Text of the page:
Publications (3)8.04 Total impact
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ABSTRACT: OBJECTIVES:: Maternal cardiovascular morbidity is increased after hypertensive pregnancies (HTP). The pathways from complicated pregnancies to future cardiovascular disease are complex. The aim of the present study was to test the hypothesis that different cardiovascular mechanisms are changed in women who experienced HTP four decades earlier in comparison to women with normotensive pregnancies. METHODS:: One hundred and five women (50 with hypertensive and 55 with normal pregnancies) were examined with anthropometric measurements; office blood pressure, ambulatory blood pressure and central blood pressure, pulse wave velocity, augmentation index, intimal-media thickness, echocardiography and laboratory measurements. In addition another 204 women were followed-up by a questionnaire regarding their pregnancy 40 years ago, as well as their present health status and medications. RESULTS:: Women with HTP had more often diagnosed hypertension when compared with women with normal pregnancies (50 vs. 31%, respectively; P = 0.046), but the groups did not differ in any blood pressure levels. HTP were associated with higher pulse wave velocity (8.8 m/s vs. 7.8 m/s, P = 0.021), and higher levels of P-glucose (5.7 mmol/l vs. 5.2 mmol/l, P = 0.022), P-HbA1c (4.4% vs. 4.2%, P = 0.010) and noradrenaline (2.45 mmol/l vs. 2.11 mmol/l, P = 0.040) when compared with normotensive pregnancies. Women followed up with a questionnaire reported deteriorated cardiovascular health compared to women attending the clinical investigations of the study. CONCLUSION:: HTP are associated with impairment in vascular function and metabolic status 40 years postpartum despite well controlled blood pressure levels.Journal of hypertension 02/2013; · 4.02 Impact Factor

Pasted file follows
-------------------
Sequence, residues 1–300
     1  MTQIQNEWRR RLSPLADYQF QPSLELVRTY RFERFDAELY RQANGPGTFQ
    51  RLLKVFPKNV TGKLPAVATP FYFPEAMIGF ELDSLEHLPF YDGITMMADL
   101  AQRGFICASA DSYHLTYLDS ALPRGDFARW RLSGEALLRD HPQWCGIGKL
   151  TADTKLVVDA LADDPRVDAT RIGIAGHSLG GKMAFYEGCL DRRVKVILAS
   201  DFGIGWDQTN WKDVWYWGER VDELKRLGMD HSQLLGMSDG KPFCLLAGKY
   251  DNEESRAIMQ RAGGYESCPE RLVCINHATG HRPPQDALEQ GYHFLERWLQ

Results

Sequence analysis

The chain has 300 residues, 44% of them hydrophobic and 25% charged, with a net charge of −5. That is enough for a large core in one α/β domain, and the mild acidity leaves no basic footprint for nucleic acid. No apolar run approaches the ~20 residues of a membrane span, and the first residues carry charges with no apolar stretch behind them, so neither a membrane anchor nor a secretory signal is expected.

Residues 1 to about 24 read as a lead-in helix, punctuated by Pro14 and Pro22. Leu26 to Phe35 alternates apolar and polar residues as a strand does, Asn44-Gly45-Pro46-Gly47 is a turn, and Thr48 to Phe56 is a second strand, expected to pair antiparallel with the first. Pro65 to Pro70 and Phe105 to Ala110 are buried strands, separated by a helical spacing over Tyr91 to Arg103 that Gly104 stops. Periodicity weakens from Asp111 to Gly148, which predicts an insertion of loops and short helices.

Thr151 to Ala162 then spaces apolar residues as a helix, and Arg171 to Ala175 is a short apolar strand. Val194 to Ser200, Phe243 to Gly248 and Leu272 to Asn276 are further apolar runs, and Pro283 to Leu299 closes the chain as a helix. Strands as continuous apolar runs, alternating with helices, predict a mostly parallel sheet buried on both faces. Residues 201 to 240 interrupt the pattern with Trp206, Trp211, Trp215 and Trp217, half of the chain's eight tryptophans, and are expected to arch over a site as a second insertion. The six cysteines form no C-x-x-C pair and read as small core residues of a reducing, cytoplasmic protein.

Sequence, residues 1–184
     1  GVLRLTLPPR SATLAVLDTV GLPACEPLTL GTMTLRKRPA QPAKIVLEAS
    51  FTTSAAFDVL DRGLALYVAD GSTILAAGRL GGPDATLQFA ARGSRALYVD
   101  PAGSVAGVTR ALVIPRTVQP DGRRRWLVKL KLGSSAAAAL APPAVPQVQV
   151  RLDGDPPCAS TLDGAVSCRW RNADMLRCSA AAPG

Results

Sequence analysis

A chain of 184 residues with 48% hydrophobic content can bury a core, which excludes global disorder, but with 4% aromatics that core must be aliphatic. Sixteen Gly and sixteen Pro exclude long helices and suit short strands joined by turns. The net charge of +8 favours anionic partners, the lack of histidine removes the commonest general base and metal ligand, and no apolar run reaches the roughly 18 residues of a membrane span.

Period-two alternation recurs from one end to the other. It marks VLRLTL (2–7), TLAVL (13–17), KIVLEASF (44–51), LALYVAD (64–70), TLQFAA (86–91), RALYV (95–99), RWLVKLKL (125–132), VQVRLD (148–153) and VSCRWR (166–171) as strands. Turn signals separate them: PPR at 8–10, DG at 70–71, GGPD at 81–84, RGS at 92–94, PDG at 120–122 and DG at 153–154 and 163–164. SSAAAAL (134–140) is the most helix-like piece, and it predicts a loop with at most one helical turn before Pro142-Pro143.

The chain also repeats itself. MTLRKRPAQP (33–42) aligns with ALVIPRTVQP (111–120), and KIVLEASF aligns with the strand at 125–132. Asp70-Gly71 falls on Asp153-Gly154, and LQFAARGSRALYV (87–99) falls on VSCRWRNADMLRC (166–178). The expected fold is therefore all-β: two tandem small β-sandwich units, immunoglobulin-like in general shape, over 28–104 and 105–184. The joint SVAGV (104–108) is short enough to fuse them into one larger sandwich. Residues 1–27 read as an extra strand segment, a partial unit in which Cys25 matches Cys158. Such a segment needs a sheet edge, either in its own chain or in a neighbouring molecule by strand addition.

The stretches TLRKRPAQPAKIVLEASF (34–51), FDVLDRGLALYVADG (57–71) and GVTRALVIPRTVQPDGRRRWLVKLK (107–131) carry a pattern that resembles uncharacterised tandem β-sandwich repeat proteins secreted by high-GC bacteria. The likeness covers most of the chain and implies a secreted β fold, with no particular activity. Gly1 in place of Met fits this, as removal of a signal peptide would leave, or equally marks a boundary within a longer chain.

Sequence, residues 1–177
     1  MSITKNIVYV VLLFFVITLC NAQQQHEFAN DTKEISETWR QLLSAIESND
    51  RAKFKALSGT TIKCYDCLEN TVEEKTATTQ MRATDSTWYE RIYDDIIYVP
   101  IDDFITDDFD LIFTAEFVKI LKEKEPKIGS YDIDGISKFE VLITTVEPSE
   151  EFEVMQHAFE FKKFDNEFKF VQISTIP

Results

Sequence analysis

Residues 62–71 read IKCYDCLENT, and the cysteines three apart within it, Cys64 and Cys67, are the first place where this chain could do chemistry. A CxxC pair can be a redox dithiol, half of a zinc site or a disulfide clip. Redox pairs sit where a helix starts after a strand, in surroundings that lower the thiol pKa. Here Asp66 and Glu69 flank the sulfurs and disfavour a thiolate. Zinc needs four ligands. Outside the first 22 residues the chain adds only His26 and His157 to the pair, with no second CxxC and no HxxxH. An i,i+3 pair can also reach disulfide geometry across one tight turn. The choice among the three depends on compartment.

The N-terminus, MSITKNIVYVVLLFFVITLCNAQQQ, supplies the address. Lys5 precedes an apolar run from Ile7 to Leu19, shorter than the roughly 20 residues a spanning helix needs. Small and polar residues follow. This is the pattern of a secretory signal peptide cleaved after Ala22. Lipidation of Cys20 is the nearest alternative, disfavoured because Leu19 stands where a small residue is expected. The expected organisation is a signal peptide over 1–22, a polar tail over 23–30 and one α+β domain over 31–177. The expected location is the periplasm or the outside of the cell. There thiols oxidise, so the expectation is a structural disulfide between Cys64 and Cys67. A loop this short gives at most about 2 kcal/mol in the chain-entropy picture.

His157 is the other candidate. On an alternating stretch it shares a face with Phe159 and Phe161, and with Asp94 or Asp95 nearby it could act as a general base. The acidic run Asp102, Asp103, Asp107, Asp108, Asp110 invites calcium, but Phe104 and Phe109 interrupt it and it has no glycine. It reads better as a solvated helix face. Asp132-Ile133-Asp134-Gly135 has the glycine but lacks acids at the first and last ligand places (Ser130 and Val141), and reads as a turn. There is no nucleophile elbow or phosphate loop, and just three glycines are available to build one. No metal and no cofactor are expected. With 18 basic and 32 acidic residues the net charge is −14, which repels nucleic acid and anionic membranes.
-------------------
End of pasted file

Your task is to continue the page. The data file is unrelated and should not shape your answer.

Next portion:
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ABSTRACT: Epidemiological studies show that women with pregnancies complicated by hypertension have an increased risk of cardiovascular morbidity later in life. The underlying mechanisms to the risk increase remain largely unknown. This study evaluated sympathetic nerve activity in women with hypertensive pregnancies 40 years earlier compared to women with normotensive pregnancies. We hypothesized that sympathetic outflow would be increased in women with previous hypertensive pregnancies and that this partly may explain the increased cardiovascular risk. Sympathetic nerve activity to the muscle vascular bed [muscle sympathetic nerve activity (MSNA)] was recorded in 28 women, 18 with and 10 without a hypertensive manifestation during pregnancy. Women were also examined with ambulatory blood pressure measurements, pulse wave velocity, blood pressure response during Stroop test and laboratory analysis. Women with previous hypertensive pregnancies did not show an increased sympathetic outflow compared to women with normotensive pregnancies. In eight women with treated hypertension sympathetic outflow was increased compared to normotensive women despite similar ambulatory blood pressure values (P < 0.05). During Stroop test the hypertensive women showed increased systolic blood pressure and also displayed the highest augmentation index compared to normotensive women (P < 0.05). Hypertensive pregnancies per se were not associated with increased sympathetic outflow 40 years later. The increased cardiovascular risk in women with previous hypertensive pregnancies cannot be explained by chronic activation of the sympathetic nervous system.In women with previous hypertensive pregnancies, still hypertensive though well controlled, sympathetic outflow and arterial stiffness were, however, increased compared to normotensive counterparts.Journal of hypertension 03/2012; 30(6):1203-10. · 4.02 Impact Factor
- Lakartidningen 105(9):616-9.
Sahlgrenska University HospitalGoeteborg, Västra Götaland, Sweden